For periods subsequent to the completion of this offering, we will present earnings per share using the two-class method under the guidelines of Statement of Financial Accounting Standards, or SFAS No. 128 “Earnings Per Share” to reflect the different rights of our outstanding shares. In order to assist in understanding this presentation, we have provided an illustrative example under “—Illustrative Example of the Calculation of Earnings Per Share” below.

The following table sets forth, on a pro forma basis, (i) the number of shares of common stock that would be used in the calculation of earnings per share under the guidelines of SFAS No. 128 following the reorganization and this offering and (ii) the number of shares of class A common stock issuable upon conversion of the class B common stock and class C common stock:

 

Class of Common Stock

   Pro Forma
Shares
Outstanding Upon
Reorganization
and Offering(2)
     Pro Forma
Class A Common Stock
Outstanding or Issuable
Upon Conversion of
the Class B and Class C
Common Stock(3)

Class A

       

Class B

       

Class C (series I, III and IV)(1)

       

Class C (series II)

       
           

Total

       

(1) This amount does not include              shares of class C (series III) common stock reclassified as a liability upon the closing of this offering. See Note 3—Visa Europe Transaction to the “Unaudited Pro Forma Condensed Combined Statement of Operations.

 

(2) These amounts reflect the application of $             of the proceeds of this offering to redeem              shares of class B common stock and              shares of class C common stock, assuming an initial public offering price of $             per share (the midpoint of the range set forth on the cover of this prospectus).

 

(3) The conversion rate applicable to any conversion of our class C common stock into class A common stock will be one-to-one, subject to adjustment for stock splits, recapitalizations and similar transactions. Assuming the deposit of $             into the escrow account, the conversion rate applicable to the class B common stock into class A common stock immediately following this offering will be              shares of class A common stock per share of class B common stock, assuming an initial public offering price of $             per share (the midpoint of the range set forth on the cover of this prospectus). See “Business—Retrospective Responsibility Plan.

 

 

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Calculation of Earnings per Share

Under the guidelines of SFAS No. 128, the total weighted average number of shares outstanding for the period is used in the calculation of earnings per share presented for each class and series of common stock. For periods subsequent to the completion of this offering, net income available to each class and series of common stock in the calculation of earnings per share will be as follows:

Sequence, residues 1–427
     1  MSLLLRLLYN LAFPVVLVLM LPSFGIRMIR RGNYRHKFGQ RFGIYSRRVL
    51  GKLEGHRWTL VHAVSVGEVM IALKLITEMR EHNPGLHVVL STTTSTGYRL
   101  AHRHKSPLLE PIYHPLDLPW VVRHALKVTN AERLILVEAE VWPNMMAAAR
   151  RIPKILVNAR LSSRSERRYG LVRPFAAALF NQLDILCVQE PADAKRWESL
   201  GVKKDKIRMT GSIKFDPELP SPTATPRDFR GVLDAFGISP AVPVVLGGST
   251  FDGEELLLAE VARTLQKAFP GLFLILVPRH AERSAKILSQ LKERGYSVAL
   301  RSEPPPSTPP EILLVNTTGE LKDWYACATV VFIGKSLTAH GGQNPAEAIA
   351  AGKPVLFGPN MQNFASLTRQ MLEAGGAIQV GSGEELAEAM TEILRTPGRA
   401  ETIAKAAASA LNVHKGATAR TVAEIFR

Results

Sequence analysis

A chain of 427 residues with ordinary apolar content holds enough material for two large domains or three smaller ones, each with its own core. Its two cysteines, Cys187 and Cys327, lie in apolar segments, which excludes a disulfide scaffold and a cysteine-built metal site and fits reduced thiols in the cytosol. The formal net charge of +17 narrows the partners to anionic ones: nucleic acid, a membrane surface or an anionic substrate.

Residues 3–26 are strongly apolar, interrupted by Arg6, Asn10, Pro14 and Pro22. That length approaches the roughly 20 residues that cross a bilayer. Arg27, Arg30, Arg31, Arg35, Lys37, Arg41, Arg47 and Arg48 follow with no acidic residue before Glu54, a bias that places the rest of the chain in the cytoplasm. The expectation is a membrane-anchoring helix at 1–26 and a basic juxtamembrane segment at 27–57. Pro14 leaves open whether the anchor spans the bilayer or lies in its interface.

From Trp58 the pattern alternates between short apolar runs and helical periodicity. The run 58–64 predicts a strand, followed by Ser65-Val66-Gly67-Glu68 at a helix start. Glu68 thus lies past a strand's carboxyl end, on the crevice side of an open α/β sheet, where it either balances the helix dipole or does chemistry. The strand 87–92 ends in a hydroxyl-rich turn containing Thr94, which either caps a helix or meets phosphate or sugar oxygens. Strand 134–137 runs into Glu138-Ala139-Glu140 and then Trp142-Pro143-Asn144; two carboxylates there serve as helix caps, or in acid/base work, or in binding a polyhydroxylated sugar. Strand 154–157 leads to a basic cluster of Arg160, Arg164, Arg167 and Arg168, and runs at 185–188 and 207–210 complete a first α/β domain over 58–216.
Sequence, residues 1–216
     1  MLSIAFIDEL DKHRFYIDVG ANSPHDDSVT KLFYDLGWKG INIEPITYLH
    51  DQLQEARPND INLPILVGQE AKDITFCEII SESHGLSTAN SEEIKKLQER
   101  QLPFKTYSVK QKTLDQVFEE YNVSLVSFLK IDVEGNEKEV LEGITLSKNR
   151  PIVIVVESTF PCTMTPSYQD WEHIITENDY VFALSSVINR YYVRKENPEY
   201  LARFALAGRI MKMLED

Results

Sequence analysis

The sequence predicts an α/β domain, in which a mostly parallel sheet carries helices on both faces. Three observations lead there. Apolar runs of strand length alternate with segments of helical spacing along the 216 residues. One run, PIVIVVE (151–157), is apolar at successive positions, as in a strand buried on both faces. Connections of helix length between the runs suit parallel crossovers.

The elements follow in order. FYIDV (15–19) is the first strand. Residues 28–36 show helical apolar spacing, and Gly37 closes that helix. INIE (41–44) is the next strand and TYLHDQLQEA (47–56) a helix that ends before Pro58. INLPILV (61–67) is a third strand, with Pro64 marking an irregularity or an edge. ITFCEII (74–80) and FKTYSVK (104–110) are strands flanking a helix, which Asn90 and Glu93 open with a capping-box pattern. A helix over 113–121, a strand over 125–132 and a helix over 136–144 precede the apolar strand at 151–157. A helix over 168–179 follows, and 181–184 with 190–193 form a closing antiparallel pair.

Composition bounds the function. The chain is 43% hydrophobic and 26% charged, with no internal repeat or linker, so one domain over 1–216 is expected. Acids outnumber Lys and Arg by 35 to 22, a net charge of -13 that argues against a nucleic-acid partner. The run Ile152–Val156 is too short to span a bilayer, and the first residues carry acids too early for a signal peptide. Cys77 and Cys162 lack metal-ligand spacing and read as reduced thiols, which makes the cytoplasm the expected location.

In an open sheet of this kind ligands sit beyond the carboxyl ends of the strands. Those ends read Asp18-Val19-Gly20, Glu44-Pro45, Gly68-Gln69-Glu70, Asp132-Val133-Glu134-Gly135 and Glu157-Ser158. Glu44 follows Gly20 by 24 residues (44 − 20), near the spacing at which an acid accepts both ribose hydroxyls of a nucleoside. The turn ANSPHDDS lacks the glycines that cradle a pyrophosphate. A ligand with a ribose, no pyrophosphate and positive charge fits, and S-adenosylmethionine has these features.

Class A and class C (series I, III and IV)—Income available to these shares is reduced by the amount of accretion recorded on the class C (series II) common stock (as described below) and the income attributable to the class C (series III) shares held by Visa Europe that are subject to redemption (the “class C series III redemption shares”) in the period presented.

Class B—Income available to these shares is reduced by the amount of accretion recorded on the class C (series II) common stock (as described below) and the income attributable to the class C (series III) redemption shares in the period presented. The class B common stock participates in the remaining income available to common stockholders on an as-converted basis.

Class C (series II) common stock—Income available to these shares is limited to the accretion recorded through retained earnings on this common stock in the period presented.

Illustrative Example of the Calculation of Earnings Per Share

Based on the pro forma and pro forma as converted number of shares of common stock, as detailed in the table above, and our actual unaudited results of operations for the quarter ended December 31, 2007, pro forma earnings per share for the quarter ended December 31, 2007, assuming that the reorganization and this offering had occurred at the beginning of the period, is calculated as follows:

 

     (in thousands
except per
share data)

Net income for the quarter ended December 31, 2007

   $          

Less: Accretion of class C (series II) common stock(1)

  

Less: Amount allocated to participating class C (series III) redemption shares held by Visa Europe(2)

  

Total pro forma net income available to common stockholders

  

Pro forma net income available to common stockholders:

  

Class A and class C (series I, III and IV) common stock

  

Class B common stock

  

Class C (series II) common stock(3)

     —  

Pro forma earnings per share—two-class method:

  

Class A and class C (series I, III and IV) common stock

  

Class B common stock

  

Class C (series II) common stock(3)

     —